Wednesday, January 20, 2016

Josephine Tey. To Love and Be Wise

     Josephine Tey. To Love and Be Wise (1950) A classic, with a twist that the alert reader will probably see before the denouement. I like Tey’s satirical eye: here, she skewers an artist’s colony that’s established itself in Salcott St Mary, a nice little village in Orfordshire. They supply a nice field of suspects for DCI Alan Grant of the Yard. There’s also implicit meditation on the nature of love and marriage, shown, not told, through the various relationships, one of which is the driver of the crime. Like Austen, Tey believes that a good marriage rests on mutual respect as well as passion. Grant and Marta Hallard really should get married; maybe Tey would have manoeuvred them into this blessed state if she’d lived long enough to write more mysteries.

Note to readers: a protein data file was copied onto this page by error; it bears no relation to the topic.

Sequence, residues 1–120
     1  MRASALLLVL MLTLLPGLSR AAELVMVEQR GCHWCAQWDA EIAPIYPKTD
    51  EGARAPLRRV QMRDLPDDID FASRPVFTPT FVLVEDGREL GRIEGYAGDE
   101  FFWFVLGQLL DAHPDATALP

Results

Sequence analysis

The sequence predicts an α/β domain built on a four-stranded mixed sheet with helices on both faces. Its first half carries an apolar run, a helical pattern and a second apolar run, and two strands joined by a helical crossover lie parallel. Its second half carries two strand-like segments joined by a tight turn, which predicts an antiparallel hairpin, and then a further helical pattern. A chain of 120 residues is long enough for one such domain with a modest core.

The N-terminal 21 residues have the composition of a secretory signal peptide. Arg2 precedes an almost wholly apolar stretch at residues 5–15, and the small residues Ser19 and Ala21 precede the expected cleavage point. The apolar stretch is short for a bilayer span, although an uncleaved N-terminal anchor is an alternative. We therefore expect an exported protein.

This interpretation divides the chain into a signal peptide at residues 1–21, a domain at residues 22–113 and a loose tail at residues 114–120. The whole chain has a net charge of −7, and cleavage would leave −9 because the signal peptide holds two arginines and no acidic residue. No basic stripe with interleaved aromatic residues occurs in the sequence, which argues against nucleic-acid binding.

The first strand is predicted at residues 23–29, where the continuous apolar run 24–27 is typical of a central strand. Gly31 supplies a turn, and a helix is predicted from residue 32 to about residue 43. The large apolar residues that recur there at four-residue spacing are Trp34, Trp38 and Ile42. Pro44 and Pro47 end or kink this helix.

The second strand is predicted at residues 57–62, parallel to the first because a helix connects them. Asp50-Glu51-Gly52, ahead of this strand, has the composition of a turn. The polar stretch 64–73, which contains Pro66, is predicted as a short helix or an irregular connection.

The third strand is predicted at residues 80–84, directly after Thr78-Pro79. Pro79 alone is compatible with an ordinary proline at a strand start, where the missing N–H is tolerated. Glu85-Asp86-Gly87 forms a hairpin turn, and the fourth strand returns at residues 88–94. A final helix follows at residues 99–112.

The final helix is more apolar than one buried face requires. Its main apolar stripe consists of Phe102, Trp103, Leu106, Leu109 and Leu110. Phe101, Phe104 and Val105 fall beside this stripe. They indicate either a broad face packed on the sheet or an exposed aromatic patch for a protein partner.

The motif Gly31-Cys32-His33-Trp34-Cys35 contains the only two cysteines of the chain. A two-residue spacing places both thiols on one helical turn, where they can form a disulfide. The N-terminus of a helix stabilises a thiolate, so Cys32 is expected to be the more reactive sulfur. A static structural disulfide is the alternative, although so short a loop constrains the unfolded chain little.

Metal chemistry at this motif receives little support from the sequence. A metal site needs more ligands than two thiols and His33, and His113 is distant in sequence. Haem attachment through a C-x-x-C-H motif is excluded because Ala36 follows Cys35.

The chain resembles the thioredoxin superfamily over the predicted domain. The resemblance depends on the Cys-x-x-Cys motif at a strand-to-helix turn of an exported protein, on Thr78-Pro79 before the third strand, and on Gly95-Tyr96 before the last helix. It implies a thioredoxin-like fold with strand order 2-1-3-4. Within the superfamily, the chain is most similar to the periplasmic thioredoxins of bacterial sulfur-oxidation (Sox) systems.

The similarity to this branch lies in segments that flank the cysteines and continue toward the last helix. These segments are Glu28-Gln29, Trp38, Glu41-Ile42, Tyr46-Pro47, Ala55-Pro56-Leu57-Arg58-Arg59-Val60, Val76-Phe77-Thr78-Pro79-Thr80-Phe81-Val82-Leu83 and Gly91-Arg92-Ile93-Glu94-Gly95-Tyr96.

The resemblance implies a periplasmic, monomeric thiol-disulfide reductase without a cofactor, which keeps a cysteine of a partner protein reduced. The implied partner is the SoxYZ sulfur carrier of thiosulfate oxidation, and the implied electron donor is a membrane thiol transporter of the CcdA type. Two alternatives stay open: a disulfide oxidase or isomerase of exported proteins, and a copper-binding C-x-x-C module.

As a police procedural, the book just barely passes. Grant’s relationship to his Sgt Williams is friendly as well as collegial. Commissioner Bruce can be testy, but is basically a decent sort. There are enough scenes of police at work to create the illusion, but Grant is really a private sleuth in police clothing. As such, he relies on intuition (“flair” Bryce calls it), and isn’t satisfied with a neat case if one or two little details niggle at him.
     A good entertainment. ***

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